The watch does ship with two leather straps. The watch comes on a black leather strap and in the box is a canvas-colored additional strap. As mentioned above, both straps are 22mm at the lugs.
The black strap is stitched in white and has rivets at the lugs on each end of the strap. The strap is thick, 5mm, but is pliable and comfortable. It measures 80mm x 110mm, which means that it will fit wrists as small as 6.5" - I am able to wear the watch using the last hole for the tang buckle and it fits comfortably. Having bought two other Debaufre watches and then not be able to wear the stock straps I was very, very pleased to see that this strap fit my wrist fine. I was concerned that it would be too long and I would have to buy another strap that would fit. The thickness and style of the strap is a great compliment to the watch; a perfect match.
The second strap is a tan or khaki colored strap (different than the chestnut brown strap pictured on Debaufre's web site) and nearly as thick as the first, 4.5mm, but differs in size. It measures 80mm X 150mm, making it a good option for the larger wristed population. The strap was designed longer so as to be worn over the top of the sleve of a flight jacket, for example, as was done with the original watches (6). Although I have not worn the strap it feels as pliable as the black one, so I suspect it will be just as comfortable. It has the same rivets at each end of the lug end as well as one at the end of the long side. It has two leather strap keepers as well as one metal one. The strap does not come with a buckle, meaning that you will have to swap off the signed buckle from the black strap and place it on the other. This is an easy task, however, as the buckle is held in place by a screw; just give it a few turns and the buckle will dissemble from one to be placed on the other. Overall it is a fine looking strap that would be a nice contrast to the dark dial. More than likely there will not be a circumstance where I will use this extra strap for this purpose. Nice as it is to have for historical accuracy, it would have been nice to have a second strap that could be used normally as well.
Also included in the box is a strap changing tool that will allow you to easily swap out straps. One end is notched in a "V" which can be used to slide in between the lug and the strap to catch on the spring bar to pop it out of the lug. The other end is a sharp point which could be used for pushing the spring bar out of the strap, or any other number of strap uses.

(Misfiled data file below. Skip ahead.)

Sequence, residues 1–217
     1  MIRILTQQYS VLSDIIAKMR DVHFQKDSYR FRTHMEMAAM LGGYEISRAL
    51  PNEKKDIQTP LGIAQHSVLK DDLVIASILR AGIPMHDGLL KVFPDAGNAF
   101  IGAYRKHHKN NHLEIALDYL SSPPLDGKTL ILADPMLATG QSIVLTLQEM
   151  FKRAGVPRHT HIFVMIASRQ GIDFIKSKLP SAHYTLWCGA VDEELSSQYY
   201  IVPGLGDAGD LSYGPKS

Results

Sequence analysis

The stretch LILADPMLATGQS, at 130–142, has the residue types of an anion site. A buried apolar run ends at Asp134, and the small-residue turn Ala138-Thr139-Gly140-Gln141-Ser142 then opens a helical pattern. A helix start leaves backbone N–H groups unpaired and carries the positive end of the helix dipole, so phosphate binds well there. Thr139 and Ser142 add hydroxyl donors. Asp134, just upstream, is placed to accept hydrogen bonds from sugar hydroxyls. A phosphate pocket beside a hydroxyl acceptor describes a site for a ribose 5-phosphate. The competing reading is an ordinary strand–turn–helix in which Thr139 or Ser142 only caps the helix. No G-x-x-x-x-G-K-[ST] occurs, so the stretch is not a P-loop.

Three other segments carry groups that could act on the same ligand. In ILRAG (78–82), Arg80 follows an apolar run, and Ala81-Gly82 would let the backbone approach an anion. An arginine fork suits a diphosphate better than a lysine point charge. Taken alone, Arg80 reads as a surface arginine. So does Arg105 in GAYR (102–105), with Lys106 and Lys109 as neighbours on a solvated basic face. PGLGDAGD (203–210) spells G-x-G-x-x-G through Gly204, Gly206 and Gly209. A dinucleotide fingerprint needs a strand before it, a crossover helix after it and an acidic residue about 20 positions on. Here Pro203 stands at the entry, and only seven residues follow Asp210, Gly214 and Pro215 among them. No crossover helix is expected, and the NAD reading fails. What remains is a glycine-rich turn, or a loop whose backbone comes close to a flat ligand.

L: The black stock strap; C: Showing the 5mm thickness; R: The strap on my 6.5" wrist
L: The other provide strap; C: Size difference between the two; R: The strap tool
The signed Debaufre buckle
Contained inside the Nav-B Limited Edition is the industry workhorse ETA 2824-2 25 jewel automatic movement (5). The movement can be hand wound and has a "hack" (stop) seconds hand. The movement is well known and well used in the watch world, with dozens of brands of watches sporting this movement. The 2824-2 is housed behind the screw down case back and held in place by a large, metal spacer. Debaufre wisely uses metal rather than plastic, as one would expect from a watch at this price point.
After some timing of my watch I found the movement to be running an average of 9 seconds slow a day. Just as an observation, this is one of only two watches I have that runs slow rather than fast. The performance to date will be acceptable for most individuals. Those wanting close to COSC specs will have to do some individual tweaking. I am satisfied with how the movement runs, however, and feel that it is well within tolerable levels.
Dealing with Debaufre again proved to be a joy. They are friendly, helpful and very willing to work with their customers. Jon (the CEO) was happy to answer all of my questions regarding preordering and those I had about the watch itself. As far as customer service goes, Debaufre continues to be top notch.
- The movement has been proven again and again and should give owners many, many years of faithful use.
- The packaging is worthy of the limited edition and makes a nice presentation piece.
- Classic, well executed design.
- Comfortable strap.
- Easy to read dial.
- Great lume.
- Even though the case back does hold the limited number from the run of 200, it is otherwise rather plain.
- The 48mm size might be a turn off for some smaller wristed people.
- It would be nice to have the option to choose a second strap that fits better, for those, again, with smaller wrists.
At the end of the day the watch is well built and feels and looks like it cost far more than it does. Although the size might be a turn off for some with smaller wrists, with the straps provided wearers with wrist from 6.5" to over 9" can wear the watch. For those with smaller wrists it becomes a matter of personal preference and how you view the watch on your wrist. The style is popular and easily recognizable by the WIS community as it pays tribute to a classic design. Overall I have to say that Debaufre has another winner on its hands.
(2) The IWC Large 52 S.C. Calibre Pilot's Watch
(3) Military Timepieces
(5) ETA SA
(6) Confirmed by Jon Knewitz, Debaufre CEO
Note: I am not affiliated with Debaufre in any way. I am just an independent fan of their watches who very much enjoys their products.